Many of the indicators used in the technical analysis are lagging indicators. They basically identify trends that are starting or already in place. The positive thing about lagging indicators is that they send fewer false signals. But their downside is that their entry signals may be quite late to come.
But Oscillators, on the other hand, are leading indicators. Oscillators always oscillate between a two-point range. Although leading indicators can show a few inaccurate or false signals, they typically signal trend changes before they develop and help traders identify reversal spaces.
Chaikin A/D oscillator is one such leading indicator.
What is Chaikin A/D Oscillator?
In simple terms, Chaikin A/D Oscillator is an indicator of another indicator. It is formed by applying the Moving Average Convergence Divergence indicator (or MACD) to the Chaikin A/D Line (or ADL).
This means that Chaikin A/D Oscillator = (3 day EMA of ADL – 10 day EMA of ADL)
EMA = Exponential Moving Average
ADL = Chaikin A/D Line. The A/D line, or the Accumulation Distribution Line is a volume-based indicator which measures the cumulative flow of money into and out of a security. The indicator essentially shows if most stocks are participating in the direction of the market.
The Uses of Chaikin A/D Oscillator
Chaikin A/D Oscillator basically adds the element of momentum into ADL. So, it can be used for predicting the changes in ADL. Since momentum usually precedes any trend changes, Chaikin A/D Oscillator can be used for predicting bullish as well as bearish moves well in advance.
There are basically two types of bullish as well as bearish signals that are generated by Chaikin A/D Oscillator. They are divergences and crossovers (or crosses). Remember that these signals relate to the ADL and is not directly related to the stock itself. A brief explanation of both crosses, as well as divergences, are provided below.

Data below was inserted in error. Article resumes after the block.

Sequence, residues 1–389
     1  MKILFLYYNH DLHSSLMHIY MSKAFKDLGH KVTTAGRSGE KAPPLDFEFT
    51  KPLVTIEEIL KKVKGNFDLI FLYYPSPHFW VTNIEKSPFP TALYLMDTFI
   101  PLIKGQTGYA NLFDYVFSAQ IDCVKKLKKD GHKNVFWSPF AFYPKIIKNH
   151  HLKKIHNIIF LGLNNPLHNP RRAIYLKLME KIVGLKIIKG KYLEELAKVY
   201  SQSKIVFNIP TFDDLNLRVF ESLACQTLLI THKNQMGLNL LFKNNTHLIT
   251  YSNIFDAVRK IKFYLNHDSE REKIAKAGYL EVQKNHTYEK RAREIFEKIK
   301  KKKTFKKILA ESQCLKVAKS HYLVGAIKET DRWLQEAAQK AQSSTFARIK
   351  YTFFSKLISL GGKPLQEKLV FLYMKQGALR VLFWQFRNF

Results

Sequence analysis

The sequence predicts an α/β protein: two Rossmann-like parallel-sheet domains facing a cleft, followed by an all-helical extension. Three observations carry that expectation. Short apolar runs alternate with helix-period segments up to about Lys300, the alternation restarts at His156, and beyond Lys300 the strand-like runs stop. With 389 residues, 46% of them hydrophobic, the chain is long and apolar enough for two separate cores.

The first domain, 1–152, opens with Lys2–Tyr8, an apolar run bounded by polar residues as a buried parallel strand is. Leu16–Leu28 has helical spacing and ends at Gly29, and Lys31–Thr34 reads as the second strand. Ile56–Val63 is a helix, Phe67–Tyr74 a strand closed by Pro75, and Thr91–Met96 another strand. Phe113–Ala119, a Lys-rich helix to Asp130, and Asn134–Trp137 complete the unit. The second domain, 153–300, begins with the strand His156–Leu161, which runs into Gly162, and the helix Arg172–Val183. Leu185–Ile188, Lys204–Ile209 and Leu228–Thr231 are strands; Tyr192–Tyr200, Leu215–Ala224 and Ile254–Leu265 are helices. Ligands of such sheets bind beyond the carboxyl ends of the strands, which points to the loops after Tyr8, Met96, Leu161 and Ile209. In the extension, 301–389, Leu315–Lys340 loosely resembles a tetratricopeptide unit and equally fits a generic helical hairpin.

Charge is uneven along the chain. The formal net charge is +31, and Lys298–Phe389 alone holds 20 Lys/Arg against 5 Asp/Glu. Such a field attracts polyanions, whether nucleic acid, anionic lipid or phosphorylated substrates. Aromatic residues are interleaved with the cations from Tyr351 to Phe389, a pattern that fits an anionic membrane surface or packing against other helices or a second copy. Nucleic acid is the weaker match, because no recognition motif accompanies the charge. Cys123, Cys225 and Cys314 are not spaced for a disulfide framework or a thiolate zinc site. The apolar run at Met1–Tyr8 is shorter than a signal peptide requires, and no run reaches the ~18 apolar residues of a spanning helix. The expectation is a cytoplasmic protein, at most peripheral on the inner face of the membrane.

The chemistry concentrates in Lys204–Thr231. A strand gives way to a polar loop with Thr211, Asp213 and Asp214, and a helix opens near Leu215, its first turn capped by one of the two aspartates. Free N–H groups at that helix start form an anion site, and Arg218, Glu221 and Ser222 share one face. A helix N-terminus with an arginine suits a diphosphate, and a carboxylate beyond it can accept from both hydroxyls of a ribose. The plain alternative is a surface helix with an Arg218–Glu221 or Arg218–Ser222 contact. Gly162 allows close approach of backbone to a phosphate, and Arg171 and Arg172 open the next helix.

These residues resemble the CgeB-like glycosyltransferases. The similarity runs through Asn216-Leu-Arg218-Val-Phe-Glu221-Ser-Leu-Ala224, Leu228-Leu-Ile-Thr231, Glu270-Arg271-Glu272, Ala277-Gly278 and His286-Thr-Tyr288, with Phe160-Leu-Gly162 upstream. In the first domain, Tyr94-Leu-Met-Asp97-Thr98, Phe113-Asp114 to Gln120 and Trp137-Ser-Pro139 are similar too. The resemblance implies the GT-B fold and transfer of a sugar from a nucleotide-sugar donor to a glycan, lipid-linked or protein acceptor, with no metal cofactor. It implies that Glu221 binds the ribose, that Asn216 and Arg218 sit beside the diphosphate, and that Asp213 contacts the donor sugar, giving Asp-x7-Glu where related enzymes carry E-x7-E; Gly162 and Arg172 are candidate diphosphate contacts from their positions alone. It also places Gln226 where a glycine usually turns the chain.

Chaikin A/D Oscillator and Crosses
Whenever there is a centerline crossover at the zero line by Chaikin A/D Oscillator, it usually indicates an upcoming trend reversal.
Bearish Cross: Prices start to fall whenever the crossover happens from above the zero line to below the zero line. This is called a bearish cross.
Bullish Cross: Contrariwise, prices start to increase whenever the crossover happens from below the zero line to above the zero line. This is termed as a bullish cross.
In the chart below, you can see both bullish cross as well as bearish cross happening.
As soon as the bullish cross happened in the Chaikin A/D Oscillator, it moved from below zero line to above zero line. Soon after, the price started moving upwards.
Similarly, as soon as the bearish cross happened in the Chaikin A/D Oscillator, it moved from above zero line to below zero line. Soon after, the price started moving downwards.
Chaikin A/D Oscillator and Divergence
Whenever there is a conflict between the price and Chaikin A/D Oscillator, divergences occur. When prices fall, but the Chaikin A/D Oscillator rises, it is termed as bullish divergence. On the other hand, when prices rise while the Chaikin A/D Oscillator keeps falling, it is called as bearish divergence.
The figure below shows a bullish divergence. The Chaikin A/D Oscillator was making higher lows while the price was making lower lows. Quite soon, the price started moving upwards.
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